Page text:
Fatal Plane Crash Debris Video & Pics Oct. 14, 2002 Frank Costello N8735G





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Published on Apr 26, 2012


On October 14, 2002, at 1052 Pacific daylight time, a Cessna 150F, N8735G, collided with mountainous terrain at 2,200 feet mean sea level (msl) following an in-flight loss of control about 19 miles east of Julian, California. The airplane, owned and operated by the pilot under the provisions of 14 CFR Part 91 of the Federal Aviation Regulations, was destroyed in the collision sequence and post crash fire. The commercial pilot, the sole occupant, sustained fatal injuries. Visual meteorological conditions prevailed and no flight plan had been filed for the personal cross-country flight that originated at Imperial, California, at 1017, destined for Ramona, California.

According to information from the Federal Aviation Administration (FAA), at 0814 on the morning of the accident, the pilot contacted the San Diego Automated Flight Service Station and requested an abbreviated weather briefing for a flight from Imperial to Ramona. The pilot was advised that VFR flight was not recommended due to low clouds and fog in the Ramona area, and that he should call back around 1000 or 1100 for an update. The pilot declined to receive NOTAMS. There is no record that the pilot recontacted any FAA facility regarding weather information.

At 1019, the pilot contacted Los Angeles Air Route Traffic Control Center (ARTCC) and stated that he had just departed Imperial and wanted VFR advisories to Ramona because his "GPS was acting up." The pilot was given a discrete transponder code and when radar contact was established, the controller noted that the airplane was nearly in an active restricted area (R2510A). The controller assisted the pilot to navigate around the restricted area as the flight climbed to a mode C reported altitude of 6,500 feet. A short time later, the pilot asked the controller to help him find the Ramona airport and the controller gave the pilot a suggested heading to fly. At 1037, the pilot ceased talking on the radio and attempts by the controller to reestablish contact by using other airborne airplanes to relay messages was unsuccessful. The controller reported that the airplane then began a left descending spiral turn.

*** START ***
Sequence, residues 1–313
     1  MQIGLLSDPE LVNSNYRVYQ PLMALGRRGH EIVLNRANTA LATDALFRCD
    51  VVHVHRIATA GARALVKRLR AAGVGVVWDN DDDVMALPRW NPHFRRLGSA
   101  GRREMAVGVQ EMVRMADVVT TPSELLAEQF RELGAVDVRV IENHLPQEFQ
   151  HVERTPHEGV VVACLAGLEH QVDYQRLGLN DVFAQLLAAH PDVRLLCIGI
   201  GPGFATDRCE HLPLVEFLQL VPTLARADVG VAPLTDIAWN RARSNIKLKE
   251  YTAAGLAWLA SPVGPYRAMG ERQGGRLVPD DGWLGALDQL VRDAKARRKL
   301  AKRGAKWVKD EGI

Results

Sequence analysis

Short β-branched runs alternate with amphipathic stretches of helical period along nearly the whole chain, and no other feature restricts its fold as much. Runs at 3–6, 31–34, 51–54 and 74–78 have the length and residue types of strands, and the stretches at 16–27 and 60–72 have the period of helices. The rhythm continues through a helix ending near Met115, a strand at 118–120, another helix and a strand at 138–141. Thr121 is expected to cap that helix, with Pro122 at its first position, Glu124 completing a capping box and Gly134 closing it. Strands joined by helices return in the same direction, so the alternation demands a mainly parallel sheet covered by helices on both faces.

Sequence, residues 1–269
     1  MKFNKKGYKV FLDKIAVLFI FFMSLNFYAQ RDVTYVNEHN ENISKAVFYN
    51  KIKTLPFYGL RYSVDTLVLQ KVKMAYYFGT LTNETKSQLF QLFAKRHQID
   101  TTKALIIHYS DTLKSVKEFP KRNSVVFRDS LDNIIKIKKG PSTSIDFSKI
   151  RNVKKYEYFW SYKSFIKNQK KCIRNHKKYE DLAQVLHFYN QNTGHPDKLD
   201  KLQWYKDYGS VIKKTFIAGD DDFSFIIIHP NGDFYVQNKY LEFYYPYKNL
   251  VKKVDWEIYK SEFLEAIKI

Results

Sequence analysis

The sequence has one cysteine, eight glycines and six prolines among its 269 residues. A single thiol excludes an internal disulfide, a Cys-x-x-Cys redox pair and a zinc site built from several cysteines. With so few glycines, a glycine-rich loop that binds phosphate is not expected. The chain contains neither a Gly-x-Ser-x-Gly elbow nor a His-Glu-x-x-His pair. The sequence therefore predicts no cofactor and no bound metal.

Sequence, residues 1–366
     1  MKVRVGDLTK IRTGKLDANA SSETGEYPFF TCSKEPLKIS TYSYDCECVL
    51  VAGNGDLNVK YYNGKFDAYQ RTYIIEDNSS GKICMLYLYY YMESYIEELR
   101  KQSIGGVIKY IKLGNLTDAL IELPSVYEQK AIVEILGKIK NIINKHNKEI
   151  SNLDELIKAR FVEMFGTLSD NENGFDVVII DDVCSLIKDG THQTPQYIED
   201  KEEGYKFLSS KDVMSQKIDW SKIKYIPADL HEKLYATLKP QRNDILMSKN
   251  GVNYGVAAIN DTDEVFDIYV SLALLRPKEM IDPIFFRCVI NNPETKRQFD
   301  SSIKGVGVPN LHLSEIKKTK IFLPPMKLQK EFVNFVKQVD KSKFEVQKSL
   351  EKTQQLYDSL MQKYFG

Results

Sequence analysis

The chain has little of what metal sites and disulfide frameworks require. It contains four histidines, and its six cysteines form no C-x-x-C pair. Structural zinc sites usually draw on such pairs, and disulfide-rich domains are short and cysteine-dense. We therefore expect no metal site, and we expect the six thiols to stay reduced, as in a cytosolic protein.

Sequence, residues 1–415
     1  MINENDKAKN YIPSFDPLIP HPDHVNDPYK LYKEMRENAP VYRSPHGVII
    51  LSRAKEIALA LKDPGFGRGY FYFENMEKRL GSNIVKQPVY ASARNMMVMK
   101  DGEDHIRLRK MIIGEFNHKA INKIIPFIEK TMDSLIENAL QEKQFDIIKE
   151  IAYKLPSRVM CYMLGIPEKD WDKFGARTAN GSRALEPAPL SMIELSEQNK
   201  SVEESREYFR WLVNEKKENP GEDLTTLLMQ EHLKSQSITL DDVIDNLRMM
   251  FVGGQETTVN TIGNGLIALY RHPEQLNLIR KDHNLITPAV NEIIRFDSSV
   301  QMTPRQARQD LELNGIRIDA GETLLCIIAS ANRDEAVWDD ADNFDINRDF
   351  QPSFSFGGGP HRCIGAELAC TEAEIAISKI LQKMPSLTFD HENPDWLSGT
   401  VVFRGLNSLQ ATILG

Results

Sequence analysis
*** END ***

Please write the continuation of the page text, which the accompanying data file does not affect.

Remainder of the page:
Recorded radar data was obtained from the FAA Los Angeles Air Route Traffic Control Center (ARTCC) in the form of a National Track Analysis Program data printout. The secondary beacon was first observed at 1020:30 with a mode C reported altitude of 1,800 feet msl. Subsequent beacon returns and mode C reports showed the airplane climbing at an average rate of 500 feet per minute until 6,500 feet, which was achieved at 1039:41. After that time, the airplane continued to climb with rates that varied from zero to 500 feet per minute. At 1045:28, the airplane reached 7,300 feet, then began a descent for 1 minute down to 7,100 feet, then a climb back to 7,300. At 1047:04, the mode C altitude reports show a descent at an average rate of just over 1,000 feet per minute in a left descending spiral turn with about a 2,000-foot diameter, which continued for at least 900 degrees (2 1/2 complete turns). The rate of descent computed from the mode C altitude reports began about 500 feet per minute and increased to about 1,500 feet per minute by the time of the last two secondary beacon returns. The last secondary beacon return showed a mode C reported altitude of 4,100 feet and was located about 0.6 nautical miles east of the impact location.

Ground based witnesses at a small airstrip about 10 miles south east of the accident location reported that they saw the airplane fly overhead and a short time later saw the smoke rising from the accident site. The winds were described as calm and the skies clear.


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